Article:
• Inserting the plastic button beneath the kneecap (patella). This requires resurfacing the undersurface of the kneecap for connecting it to the button.

  • Success Rate:


    Various patients undergo a dramatic reduction in knee pain and are able to resume daily activities. Moderate use of your artificial knee would improve that your implant will last for several years. About 85-90% of these implants work quite well even after 15 to 20 years after the operation.


    Risk factors:


    Although it is a safe procedure, however still there are certain risks associated if it is not done by an experienced surgeon like:

  • Blood clots resulting in stroke or death

  • extended knee instability and pain.

  • Partial knee replacement (PKR)

  • Infection that could result in additional surgery
  • Partial knee replacement (PKR)


    Partial knee replacement (PKR) also known as unicompartmental knee replacement, is an alternative only for a small percentage of people. Here, only a portion of the knee is replaced in order to maintain the original healthy bone and soft tissue as likely. Candidates suitable for this type of surgery normally suffer from osteoarthritis in just one compartment of their knee. In this surgery, a surgeon separates the arthritic portion of the knee — that includes bone and cartilage — and replaces that compartment consisting of metal and plastic components.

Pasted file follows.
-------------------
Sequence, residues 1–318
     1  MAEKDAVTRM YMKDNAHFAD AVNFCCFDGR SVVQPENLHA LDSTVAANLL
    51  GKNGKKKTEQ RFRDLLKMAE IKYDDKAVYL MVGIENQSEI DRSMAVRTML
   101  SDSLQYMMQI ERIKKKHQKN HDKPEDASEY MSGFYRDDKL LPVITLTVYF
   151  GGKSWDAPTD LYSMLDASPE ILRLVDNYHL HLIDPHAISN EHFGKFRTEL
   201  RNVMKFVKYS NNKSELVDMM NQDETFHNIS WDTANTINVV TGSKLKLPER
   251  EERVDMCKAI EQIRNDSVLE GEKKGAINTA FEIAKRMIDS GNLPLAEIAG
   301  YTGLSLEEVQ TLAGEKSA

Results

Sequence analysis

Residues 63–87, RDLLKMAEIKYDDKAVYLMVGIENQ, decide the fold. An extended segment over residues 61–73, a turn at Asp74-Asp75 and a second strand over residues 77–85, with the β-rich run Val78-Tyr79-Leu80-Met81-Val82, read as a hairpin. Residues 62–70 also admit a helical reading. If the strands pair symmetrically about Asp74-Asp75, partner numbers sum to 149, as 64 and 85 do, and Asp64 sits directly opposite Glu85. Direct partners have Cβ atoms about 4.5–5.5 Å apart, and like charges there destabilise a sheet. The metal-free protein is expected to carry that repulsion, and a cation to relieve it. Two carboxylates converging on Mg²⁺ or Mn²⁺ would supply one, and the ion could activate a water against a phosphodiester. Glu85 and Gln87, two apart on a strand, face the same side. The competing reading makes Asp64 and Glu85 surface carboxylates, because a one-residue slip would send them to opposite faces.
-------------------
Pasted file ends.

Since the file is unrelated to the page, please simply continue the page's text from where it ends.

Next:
Partial knee replacement has few benefits over Total knee replacement such as;

  • Lesser stay at the hospital

  • Less trauma and blood loss

  • Better range of mobility

  • Faster recovery and restoration period

  • Lesser pain after the surgery

  • Though, there are fewer chances that a PKR will eliminate or treat the underlying pain completely. As the sealed bone is still responsive to arthritis, there is also a higher chance that follow-up TKR surgery may be needed somewhere in the future.

    Surgeons normally carry out PKRs on patients who are below the age of 65, living an active life and who have sufficient of healthy bone remaining. The procedure is done on one of the three knee compartments. If more than two or two knee compartments are damaged, it’s apparently not the best option.